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Youth Art Month: Using Art to Help Heal Trauma

A young person painting at an easel.

March is Youth Art Month, an observance sponsored by the nonprofit Council for Art Education (CFAE) that features art shows, special exhibits, fundraisers, and other school and community activities. Volunteers around the country – including art educators, parents, librarians, leaders of youth organizations, businesspeople, and students – organize these activities celebrating youth art. While this is a chance for youth programs to build awareness and to spotlight talent, it’s also an opportunity to help young people dealing with trauma.

To find out more about how art can help young survivors of trauma, we talked to LeAnn K. Marschall, art therapist and author of “Art Therapy and Runaway Homeless Youth: An Exploration of Trauma and The Survival Response of ‘Flight’.” In her thesis, Marschall describes her experience working with a young man who was able to use his artwork to describe his trauma. Marschall has also used art therapy in shorter programs at runaway and homeless youth shelters, in both group and individual settings.

[Learn about the low-cost Art Beast Children’s Studio in Sacramento.]

Communicating Indirectly

Marschall says that art allows young people to communicate with her indirectly. “They are guarded, and distrustful at times of adults, but this idea of using art broke that down more quickly. There was something else in the room – that was the art. The art is a buffer – another relationship in the room – a triangulation rather than direct communication with the therapist. It kind of breaks down the defense more quickly.”

As a therapist, Marschall does not break the metaphor, although the client may do so. She explains, “I would never say, ‘Oh, the butterfly is you,’” for example. She notes that in a group setting the metaphor is very powerful – it can be a symbol of a person or a relationship in a more indirect way that provides safety.

[See more about how arts can help aid trauma recovery.]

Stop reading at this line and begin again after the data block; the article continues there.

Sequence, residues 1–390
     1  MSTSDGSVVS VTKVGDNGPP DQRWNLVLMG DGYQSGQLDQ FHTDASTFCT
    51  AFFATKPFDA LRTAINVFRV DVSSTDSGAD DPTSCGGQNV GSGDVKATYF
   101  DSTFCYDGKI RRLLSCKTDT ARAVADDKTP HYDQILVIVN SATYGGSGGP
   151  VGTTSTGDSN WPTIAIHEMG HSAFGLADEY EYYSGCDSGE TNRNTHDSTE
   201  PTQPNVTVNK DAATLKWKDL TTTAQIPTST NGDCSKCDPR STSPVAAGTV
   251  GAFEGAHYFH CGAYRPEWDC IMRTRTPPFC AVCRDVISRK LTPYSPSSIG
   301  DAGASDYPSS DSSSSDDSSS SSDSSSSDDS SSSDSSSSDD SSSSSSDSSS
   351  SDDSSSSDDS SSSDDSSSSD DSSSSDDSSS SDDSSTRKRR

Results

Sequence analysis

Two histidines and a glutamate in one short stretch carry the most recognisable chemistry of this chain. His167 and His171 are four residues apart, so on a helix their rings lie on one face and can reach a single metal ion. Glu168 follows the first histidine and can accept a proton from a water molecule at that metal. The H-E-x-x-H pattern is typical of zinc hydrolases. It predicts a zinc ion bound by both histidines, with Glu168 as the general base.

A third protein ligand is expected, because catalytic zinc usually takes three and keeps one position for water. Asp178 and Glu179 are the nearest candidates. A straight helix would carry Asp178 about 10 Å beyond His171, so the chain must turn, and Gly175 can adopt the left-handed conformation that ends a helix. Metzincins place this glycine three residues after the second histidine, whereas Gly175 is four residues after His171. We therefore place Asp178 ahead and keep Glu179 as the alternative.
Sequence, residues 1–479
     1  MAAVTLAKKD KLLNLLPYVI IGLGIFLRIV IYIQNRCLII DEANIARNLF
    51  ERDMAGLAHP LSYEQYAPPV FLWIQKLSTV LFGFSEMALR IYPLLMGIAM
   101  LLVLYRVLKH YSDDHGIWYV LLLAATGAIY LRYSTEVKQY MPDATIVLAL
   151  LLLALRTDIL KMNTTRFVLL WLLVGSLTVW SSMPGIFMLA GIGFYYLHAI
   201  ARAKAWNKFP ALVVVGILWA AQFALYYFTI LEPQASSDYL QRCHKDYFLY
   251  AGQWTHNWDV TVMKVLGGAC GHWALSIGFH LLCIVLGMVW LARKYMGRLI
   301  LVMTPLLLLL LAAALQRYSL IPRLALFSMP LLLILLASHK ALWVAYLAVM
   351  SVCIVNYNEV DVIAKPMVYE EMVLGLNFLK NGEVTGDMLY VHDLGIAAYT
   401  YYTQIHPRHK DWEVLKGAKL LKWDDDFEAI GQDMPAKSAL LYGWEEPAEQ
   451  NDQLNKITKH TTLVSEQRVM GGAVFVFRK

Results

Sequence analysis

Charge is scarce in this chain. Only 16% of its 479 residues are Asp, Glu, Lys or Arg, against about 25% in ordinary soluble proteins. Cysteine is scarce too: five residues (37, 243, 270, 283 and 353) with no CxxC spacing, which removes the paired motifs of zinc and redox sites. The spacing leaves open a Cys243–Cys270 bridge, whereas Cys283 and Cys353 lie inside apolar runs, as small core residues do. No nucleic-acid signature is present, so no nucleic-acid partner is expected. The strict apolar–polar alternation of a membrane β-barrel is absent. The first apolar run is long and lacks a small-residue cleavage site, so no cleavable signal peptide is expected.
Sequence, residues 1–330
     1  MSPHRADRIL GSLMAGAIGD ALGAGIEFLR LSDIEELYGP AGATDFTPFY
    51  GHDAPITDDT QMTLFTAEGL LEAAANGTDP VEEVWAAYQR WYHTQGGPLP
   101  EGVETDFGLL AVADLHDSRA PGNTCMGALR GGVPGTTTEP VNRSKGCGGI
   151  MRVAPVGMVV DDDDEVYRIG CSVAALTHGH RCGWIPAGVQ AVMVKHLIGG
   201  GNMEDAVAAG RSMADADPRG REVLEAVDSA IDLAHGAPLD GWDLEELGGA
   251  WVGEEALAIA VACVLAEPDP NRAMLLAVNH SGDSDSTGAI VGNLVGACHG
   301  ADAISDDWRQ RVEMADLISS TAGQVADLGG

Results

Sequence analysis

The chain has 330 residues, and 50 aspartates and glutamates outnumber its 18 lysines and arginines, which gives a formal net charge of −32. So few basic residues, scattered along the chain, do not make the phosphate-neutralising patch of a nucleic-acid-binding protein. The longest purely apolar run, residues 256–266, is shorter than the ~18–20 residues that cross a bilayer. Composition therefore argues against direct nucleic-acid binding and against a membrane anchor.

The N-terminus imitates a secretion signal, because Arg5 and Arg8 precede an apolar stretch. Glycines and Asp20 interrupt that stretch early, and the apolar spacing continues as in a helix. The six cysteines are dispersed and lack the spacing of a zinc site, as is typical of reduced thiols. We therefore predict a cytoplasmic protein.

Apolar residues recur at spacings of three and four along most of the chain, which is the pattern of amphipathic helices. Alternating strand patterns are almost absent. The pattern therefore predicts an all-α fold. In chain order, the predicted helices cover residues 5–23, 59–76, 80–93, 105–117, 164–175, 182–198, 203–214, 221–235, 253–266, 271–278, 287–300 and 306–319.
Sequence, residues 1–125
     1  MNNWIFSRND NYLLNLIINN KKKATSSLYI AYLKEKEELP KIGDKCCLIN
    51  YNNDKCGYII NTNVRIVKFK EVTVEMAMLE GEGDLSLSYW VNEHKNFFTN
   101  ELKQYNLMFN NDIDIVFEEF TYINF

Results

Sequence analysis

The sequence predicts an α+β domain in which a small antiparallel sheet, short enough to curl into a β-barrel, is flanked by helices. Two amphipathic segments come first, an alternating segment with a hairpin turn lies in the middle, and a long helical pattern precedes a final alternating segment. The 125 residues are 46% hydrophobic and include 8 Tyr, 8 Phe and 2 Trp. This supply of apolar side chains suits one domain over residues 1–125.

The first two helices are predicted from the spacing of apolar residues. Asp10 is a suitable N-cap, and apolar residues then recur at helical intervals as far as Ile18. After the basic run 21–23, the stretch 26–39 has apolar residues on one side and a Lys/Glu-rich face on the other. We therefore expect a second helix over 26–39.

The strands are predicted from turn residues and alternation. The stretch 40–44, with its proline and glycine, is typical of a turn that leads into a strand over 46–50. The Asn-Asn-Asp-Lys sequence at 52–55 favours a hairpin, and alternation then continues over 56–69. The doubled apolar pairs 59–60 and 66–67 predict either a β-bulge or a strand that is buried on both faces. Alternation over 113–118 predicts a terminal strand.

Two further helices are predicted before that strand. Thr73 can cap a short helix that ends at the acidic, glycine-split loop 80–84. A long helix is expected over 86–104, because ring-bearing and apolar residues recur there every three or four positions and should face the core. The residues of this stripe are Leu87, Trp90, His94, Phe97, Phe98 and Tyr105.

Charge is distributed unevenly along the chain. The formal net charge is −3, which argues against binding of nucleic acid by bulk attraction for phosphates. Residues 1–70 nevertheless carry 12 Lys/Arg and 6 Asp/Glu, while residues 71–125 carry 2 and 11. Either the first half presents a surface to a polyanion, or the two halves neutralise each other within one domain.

Witnessing Trauma

Marschall notes that many times when young people tell an adult about a traumatic event that they are experiencing, they are dismissed. In a society that doesn’t pay attention to traumatized youth, giving them a voice through art may be more powerful than words. “Art is a physical thing that exists, and my role as a therapist was to witness this art making,” says Marschall.

Creating art can allow young people to lift the burden of trauma from their own shoulders, Marschall explains. “She could hand it to me, like ‘Here, take this [burden] from me.’”

[Discover how one youth program is raising funds with the help of youth art.]

Building Trust

Remembering one especially powerful experience, Marschall recounts the following: “A young woman was very guarded, very protected, very defensive – she made a collage about herself. She has control over what she wants to reveal. She made the art and we talked about it. As a therapist I keep the art – no one else will look at the art, but I will bring it back next session. So the next session I brought the art back to her and she literally started crying.”

The experience was powerful, Marschall notes, because she followed through with her client and did what she promised. “I told her I would keep her art and I did. I see you. I’m gonna remember you, through what you made, and I’m gonna honor that, and cherish that. That was powerful.”

The Youth Art Month theme for the 2016/2017 school year is “United through Art.” Do you want to get your Youth Art Month program started, but don’t know where to begin? Visit the CFAE website for information, timelines, guidelines, and templates to help you manage your program.

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